Social phobia, or social anxiety disorder, is characterized by intense and excessive fear about everyday social situations. People with social phobia have more than a nervous moment or two when they interact with other people. The anxiety they experience is overwhelming.
It would be difficult, if not impossible to count all of the social encounters that most of us have each day. Imagine watching a movie of yourself as you go about your day and noting every single social interaction. Surely the number is often in the hundreds. Now, imagine that for most of these interactions - every swing through the coffee drive through, each greeting of a co-worker, or each episode of casual banter in the check-out line at the store - imagine that every interaction made you wish you could be doing anything else.
For me, social phobia is one of the more difficult psychological disorders to imagine. I'm pretty much an extrovert, and for the most part I look forward to social interactions. People just usually strike me as intriguing and enjoyable. So, I try to think about those times when I have been immensely embarrassed. Those times when what I said or did left me simply speechless or feeling like I could easily start crying. Now, I try to then imagine having that feeling each time I call someone on the phone or see a friend approaching me across my back yard.
One of my colleagues and friends, Bob, taught me some good early lessons about social phobia. Bob has been a counselor pretty much since the beginning of time, and he is one of the most empathic people I know. When we worked together I noticed Bob checking the clock several times one morning, then just as we were about to start our first group he started to take off. "Hey, we're about to start!" I called. "I know," said Bob, "but we have a new person starting today, and she's going to need a little extra help getting through the front door." I thought maybe she was in a wheelchair or something, but that was not the case.
A few minutes later, Bob and the new woman arrived. Describing her as completely pale and frightened would have been understating the case. But, she and Bob had planned her entire arrival over the phone the day before and developed a game plan to overcome the complete and total state of anxiety that she felt coming into a room with other people. Bob was calm, reassuring, and talked her through her anxiety, just as they had planned.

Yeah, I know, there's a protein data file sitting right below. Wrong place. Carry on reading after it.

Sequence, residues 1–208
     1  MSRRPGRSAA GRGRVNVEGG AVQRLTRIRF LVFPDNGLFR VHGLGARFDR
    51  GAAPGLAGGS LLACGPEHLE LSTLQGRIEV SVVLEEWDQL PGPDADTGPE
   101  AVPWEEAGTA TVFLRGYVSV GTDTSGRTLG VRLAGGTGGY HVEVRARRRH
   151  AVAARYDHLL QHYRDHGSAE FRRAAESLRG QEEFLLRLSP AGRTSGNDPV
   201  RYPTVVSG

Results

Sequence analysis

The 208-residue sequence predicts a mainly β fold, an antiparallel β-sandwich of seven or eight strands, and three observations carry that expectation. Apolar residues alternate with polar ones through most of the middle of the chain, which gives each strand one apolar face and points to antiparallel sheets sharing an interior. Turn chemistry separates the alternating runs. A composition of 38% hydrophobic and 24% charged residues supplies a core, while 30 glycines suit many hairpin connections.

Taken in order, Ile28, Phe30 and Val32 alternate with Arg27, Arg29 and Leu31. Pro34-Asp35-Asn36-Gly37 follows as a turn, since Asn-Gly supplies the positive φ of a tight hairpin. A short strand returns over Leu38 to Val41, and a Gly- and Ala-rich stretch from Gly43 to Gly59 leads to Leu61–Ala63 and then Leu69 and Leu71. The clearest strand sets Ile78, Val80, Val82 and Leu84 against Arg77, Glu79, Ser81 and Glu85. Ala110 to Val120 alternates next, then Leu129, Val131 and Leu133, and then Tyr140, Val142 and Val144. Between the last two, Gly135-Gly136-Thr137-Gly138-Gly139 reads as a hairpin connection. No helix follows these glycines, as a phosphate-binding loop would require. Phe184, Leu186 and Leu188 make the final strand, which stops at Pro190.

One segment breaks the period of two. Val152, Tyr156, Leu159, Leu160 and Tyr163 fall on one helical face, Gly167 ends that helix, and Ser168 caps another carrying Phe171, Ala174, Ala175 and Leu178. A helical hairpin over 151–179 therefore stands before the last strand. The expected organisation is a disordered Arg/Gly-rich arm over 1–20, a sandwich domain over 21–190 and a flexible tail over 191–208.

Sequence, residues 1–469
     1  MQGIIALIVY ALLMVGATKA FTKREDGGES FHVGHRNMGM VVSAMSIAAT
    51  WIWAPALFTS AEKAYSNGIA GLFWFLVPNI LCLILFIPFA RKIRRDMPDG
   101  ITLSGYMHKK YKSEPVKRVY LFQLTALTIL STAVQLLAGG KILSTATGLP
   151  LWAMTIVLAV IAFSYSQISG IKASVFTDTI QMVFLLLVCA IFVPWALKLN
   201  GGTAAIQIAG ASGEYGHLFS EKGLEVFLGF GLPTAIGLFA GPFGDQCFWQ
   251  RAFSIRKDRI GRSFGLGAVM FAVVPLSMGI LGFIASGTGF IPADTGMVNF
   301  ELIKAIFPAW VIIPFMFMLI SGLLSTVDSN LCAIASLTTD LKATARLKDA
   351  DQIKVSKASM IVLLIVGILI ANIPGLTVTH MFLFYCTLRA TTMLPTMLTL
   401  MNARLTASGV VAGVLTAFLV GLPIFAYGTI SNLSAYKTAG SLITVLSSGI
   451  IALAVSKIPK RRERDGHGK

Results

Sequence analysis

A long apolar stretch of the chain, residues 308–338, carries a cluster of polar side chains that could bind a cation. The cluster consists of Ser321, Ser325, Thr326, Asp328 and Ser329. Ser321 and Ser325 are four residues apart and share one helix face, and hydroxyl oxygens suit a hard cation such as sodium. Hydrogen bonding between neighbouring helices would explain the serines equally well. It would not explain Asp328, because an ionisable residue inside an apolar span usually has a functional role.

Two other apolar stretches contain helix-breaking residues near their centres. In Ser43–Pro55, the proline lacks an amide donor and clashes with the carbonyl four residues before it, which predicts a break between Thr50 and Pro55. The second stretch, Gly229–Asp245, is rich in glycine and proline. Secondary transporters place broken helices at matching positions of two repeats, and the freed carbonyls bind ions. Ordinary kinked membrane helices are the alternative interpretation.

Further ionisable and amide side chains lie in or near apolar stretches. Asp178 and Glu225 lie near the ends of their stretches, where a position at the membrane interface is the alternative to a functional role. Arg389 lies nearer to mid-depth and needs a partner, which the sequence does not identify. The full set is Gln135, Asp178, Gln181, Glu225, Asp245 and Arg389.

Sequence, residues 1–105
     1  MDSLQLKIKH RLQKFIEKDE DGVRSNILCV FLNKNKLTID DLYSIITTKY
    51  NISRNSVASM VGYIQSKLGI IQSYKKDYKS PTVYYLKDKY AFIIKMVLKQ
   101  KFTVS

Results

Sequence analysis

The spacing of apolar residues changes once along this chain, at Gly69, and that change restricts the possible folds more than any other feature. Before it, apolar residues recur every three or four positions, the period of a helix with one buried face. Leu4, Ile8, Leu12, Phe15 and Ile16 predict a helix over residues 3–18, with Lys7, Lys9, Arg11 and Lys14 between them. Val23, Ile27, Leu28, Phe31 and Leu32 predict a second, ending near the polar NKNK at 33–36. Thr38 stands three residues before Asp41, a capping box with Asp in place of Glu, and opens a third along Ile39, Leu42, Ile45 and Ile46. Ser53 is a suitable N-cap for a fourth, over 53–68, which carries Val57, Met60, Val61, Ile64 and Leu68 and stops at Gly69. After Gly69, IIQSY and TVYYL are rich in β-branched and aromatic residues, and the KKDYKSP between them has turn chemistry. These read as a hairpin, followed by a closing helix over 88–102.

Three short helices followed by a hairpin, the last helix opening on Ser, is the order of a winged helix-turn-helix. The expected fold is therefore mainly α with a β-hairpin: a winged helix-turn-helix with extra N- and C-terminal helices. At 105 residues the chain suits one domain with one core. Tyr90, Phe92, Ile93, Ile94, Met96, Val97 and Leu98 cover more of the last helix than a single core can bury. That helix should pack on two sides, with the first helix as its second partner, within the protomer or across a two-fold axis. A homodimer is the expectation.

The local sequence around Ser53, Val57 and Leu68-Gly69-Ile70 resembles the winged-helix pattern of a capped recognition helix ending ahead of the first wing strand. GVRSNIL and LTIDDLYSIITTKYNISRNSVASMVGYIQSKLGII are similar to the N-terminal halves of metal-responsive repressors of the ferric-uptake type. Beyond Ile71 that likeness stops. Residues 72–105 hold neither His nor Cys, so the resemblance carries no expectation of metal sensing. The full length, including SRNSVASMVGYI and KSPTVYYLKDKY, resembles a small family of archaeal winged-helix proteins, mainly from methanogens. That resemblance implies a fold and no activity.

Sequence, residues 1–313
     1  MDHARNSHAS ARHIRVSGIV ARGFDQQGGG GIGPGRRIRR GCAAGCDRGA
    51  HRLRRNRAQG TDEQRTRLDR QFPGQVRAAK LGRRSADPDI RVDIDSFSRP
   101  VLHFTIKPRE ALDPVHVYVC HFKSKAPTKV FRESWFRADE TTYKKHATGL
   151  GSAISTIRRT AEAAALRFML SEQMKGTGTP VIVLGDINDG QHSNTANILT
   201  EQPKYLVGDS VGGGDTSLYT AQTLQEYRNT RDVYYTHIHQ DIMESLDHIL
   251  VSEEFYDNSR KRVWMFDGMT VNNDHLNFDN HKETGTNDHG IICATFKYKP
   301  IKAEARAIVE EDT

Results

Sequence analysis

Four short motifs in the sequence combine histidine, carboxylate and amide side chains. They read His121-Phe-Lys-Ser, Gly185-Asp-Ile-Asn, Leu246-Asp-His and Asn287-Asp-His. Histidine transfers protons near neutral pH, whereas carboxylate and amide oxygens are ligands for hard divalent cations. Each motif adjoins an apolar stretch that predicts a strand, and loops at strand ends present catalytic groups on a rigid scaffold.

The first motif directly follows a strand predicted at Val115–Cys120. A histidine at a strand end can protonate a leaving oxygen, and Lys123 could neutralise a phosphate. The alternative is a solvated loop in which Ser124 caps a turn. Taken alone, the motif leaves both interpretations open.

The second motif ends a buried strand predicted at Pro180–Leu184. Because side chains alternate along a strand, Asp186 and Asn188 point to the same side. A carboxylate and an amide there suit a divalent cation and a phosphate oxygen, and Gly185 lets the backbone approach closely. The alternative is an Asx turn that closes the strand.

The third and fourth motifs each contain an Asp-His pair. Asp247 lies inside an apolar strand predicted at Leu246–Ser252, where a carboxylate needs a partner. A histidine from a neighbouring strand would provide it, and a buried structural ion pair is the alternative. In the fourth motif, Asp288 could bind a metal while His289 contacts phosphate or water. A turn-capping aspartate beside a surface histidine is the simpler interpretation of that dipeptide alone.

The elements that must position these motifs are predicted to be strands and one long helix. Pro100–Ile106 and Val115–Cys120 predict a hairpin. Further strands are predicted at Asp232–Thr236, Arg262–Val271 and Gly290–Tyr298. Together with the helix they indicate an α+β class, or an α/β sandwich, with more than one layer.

As with many psychological problems, one of the most tragic things about social phobia is that many people never receive the help that is available. Anxiety disorders, including social phobia, are disorders with a remarkably high treatment success rate. Part of treatment involves learning and practicing skills in physical relaxation. It is surprising how quickly people are able to learn the skill of putting themselves in a calm state if they are willing to put in a little practice time each day.
Treatment also involves focusing on the internal monologue that runs through our mind throughout each moment of each day. Often we don't pay attention to it, but our own thoughts and interpretations play an enormous role in determining our moods and actions. Treatment for social phobia involves listening to what you are telling yourself and challenging those things that are not really true. Things like "I know this person will think I'm stupid if I talk to them," or, "There is no way in the world I'll be able to walk in there and not fall apart."
One core strategy for treating social anxiety, and many psychological problems, involves challenging and changing those thoughts which are, ultimately, unhelpful if not self-defeating. While we don't need to blame ourselves if we struggle with anxiety, or any mental health problem, we do need to take advantage of the fact that it is often our own thinking patterns and beliefs which keep us stuck in our old patterns.